What are some religious connotations in Golding's Lord of the Flies?
As one of his first acts as elected leader, Ralph proclaims the need for a fire:
“There’s another thing. We can help them to find us. If a ship comes near the island they may not notice us. So we must make smoke on top of the mountain. We must make a fire...
...We’ve got to have special people for looking after the fire. Any day there may be a ship out there and if we have a signal going they’ll come and take us off."
The most obvious and pervasive reference to religion on the island is the fire. The fire, like religion, represents the hope of being rescued, of being saved. In many ways that is the primal and most basic belief of many religions: salvation. There is a great need among the thoughtful, non-savage boys in Lord of the Flies to build a fire, the smoke of which could be seen by an adult, would-be rescuer.
Certainly, fire was used, way back in ancient times, in the service of religion. Burnt offerings were made to the gods above who would look kindly on the puny humans and have compassion for them and save them. Even today, candles are lit in prayer or in commemoration of miracles, and eternal flames are kept ever glowing in hopes of eternal salvation.
The boys were only doing what mankind has done for centuries: lighting fires in the fervent belief that a savior will take notice of the light or the smoke and come, at last, to save them.
Here's Ralph again, late in the novel, now desperate to keep the fire, and the comfort and hope it brings, alive:
“If Jack was chief he’d have all hunting and no fire. We’d be here till we died.”
The religious connotations in the novel 'Lord of the Flies' by William Golding spring from the obvious and age-old themes of good and evil. This has been written about many times before in ancient texts and classical literature, but Golding gives it a refreshing new lease of life by placing a group of unsupervised children into the context. There are a few direct references to religion, and very many oblique ones. The group of choirboys trailing along is one image and Simon as a lightly drawn Christ-like figure is another. He 'sacrifices' himself in order to bring the good news about the real nature of the beast to the boys but cannot get his words out and is killed - like innocence destroyed. He is not their 'saviour' either as like mankind they do not listen to his message.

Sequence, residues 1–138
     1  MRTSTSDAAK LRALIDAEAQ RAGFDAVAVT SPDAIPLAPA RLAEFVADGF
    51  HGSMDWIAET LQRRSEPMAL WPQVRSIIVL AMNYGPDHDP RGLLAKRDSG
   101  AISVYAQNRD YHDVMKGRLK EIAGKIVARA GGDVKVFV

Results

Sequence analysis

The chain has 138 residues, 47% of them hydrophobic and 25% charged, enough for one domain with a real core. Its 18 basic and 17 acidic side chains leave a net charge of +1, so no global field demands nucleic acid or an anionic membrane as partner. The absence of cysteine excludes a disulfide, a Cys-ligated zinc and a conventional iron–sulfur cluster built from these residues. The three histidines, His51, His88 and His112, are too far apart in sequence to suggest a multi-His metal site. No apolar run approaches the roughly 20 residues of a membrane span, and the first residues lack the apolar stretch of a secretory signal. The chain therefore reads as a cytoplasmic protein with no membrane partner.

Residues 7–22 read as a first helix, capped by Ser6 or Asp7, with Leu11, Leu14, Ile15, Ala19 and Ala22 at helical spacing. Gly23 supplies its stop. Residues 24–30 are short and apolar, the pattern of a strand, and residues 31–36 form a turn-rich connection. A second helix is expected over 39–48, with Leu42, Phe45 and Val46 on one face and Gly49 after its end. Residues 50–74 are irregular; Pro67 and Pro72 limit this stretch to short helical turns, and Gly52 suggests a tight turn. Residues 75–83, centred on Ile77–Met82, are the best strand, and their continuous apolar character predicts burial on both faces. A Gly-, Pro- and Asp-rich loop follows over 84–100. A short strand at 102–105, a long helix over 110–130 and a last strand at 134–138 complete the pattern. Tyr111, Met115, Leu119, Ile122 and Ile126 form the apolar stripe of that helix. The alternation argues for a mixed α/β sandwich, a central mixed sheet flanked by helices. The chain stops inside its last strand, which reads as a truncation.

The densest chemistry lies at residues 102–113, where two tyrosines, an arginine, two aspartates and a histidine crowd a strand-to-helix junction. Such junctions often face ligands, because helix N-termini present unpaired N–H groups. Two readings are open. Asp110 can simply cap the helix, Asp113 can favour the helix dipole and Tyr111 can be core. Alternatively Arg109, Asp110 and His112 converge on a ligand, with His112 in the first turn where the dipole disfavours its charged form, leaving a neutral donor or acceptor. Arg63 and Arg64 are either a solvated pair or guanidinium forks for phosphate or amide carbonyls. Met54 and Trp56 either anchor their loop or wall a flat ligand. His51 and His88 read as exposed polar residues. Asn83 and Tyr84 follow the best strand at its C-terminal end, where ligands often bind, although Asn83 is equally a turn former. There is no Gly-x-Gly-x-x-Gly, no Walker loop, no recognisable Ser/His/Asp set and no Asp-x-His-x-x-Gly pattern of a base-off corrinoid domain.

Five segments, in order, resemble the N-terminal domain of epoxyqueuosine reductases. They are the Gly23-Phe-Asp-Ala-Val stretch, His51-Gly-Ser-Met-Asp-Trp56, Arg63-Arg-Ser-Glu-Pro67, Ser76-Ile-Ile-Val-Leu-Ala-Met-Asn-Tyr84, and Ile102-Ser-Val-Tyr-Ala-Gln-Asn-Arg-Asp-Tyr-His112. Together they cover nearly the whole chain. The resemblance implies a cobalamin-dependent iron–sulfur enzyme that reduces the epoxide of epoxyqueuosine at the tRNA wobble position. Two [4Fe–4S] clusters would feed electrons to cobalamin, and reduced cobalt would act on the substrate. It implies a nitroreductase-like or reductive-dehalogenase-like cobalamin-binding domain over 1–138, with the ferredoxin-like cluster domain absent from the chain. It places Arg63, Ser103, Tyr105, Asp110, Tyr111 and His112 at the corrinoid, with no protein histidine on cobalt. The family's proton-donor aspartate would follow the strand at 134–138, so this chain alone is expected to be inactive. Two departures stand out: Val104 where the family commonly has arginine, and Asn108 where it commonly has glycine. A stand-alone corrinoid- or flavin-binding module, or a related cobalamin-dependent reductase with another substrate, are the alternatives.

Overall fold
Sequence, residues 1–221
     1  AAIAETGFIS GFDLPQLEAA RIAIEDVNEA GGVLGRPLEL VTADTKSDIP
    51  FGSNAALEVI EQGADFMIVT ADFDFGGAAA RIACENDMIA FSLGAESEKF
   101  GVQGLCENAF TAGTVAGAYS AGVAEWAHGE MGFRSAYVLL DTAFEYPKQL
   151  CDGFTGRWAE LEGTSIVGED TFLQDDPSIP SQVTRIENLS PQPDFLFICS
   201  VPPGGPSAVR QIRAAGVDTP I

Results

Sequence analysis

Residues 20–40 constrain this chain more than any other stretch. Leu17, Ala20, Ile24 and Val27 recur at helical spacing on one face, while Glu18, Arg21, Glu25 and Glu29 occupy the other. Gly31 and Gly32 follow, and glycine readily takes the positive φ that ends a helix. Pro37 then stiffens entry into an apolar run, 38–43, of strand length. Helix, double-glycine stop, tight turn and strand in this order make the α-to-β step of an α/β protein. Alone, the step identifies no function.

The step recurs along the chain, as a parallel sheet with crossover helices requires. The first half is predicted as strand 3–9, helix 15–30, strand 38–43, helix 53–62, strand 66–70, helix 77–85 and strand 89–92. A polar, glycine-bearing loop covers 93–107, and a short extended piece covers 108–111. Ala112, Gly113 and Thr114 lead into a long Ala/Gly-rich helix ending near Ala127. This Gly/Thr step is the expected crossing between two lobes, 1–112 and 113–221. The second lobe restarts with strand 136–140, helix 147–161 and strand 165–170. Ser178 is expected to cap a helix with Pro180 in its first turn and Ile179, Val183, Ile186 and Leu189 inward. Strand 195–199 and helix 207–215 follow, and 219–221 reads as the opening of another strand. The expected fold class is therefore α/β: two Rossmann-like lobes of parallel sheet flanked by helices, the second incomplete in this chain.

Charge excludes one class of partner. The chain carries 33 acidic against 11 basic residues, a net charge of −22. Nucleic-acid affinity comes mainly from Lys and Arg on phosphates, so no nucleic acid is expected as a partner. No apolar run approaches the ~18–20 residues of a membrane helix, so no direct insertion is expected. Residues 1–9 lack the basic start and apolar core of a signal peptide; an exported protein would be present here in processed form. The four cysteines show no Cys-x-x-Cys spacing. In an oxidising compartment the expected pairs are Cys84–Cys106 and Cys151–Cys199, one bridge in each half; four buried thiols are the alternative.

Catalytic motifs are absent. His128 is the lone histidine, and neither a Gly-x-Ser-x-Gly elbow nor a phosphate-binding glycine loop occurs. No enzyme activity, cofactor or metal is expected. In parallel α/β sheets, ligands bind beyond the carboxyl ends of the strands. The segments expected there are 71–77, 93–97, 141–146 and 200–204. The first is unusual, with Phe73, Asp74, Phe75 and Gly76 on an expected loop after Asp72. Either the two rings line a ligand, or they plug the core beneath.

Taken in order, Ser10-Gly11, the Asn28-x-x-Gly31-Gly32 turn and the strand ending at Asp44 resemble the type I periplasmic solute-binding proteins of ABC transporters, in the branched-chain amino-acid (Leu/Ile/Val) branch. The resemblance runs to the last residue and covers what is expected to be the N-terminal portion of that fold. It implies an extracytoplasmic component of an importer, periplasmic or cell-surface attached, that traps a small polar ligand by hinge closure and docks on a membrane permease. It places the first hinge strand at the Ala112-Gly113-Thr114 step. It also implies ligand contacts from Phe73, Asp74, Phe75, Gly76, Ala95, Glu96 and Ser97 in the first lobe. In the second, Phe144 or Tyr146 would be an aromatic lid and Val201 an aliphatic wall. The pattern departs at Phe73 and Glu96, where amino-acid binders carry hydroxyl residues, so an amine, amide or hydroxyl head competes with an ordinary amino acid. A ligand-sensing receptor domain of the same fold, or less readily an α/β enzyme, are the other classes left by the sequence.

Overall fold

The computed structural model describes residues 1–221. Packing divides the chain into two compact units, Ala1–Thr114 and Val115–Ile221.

In the book "The Lord of the Flies" a group of school boys lands on a deserted island. There are no adults to supervise them. There are no social mores except the ones that the boys carry with them. However, their civilized ways soon begin to deteriorate. There are several areas in which religious connotations come to surface. The first of the erruption is evil in the form of "the beastie." The beastie is a mythical beast that the boys begin to believe is real. It is only the carcas of a dead piolet and his parachute, but the fear of the evil controls the boys minds creating anxiety and fear.
Another religious connotation is the change in the boy's behavior. Ralph, Jack, and Simon represent different aspects of religion. Ralph is the good man, and Jack is the evil one. Jack sets himself up in a godlike fashion among the boys. His group serves him as if he is a god. Simon is the symbol of the spiritual side. He is one who meditates. He goes off alone to contemplate. He also confronts the false idol of the Hog's head. He is hallucinating at the time but he speaks with the head about the evil in man. He is killed and his body wears a glow from the light reflecting off it on the beach as it washes away.
The false idol is the hog head. Jack has it placed in a stick for all to see. The kill and the evil that the head implies is the cruelty of mankind and man's evidence of the evil that resides within.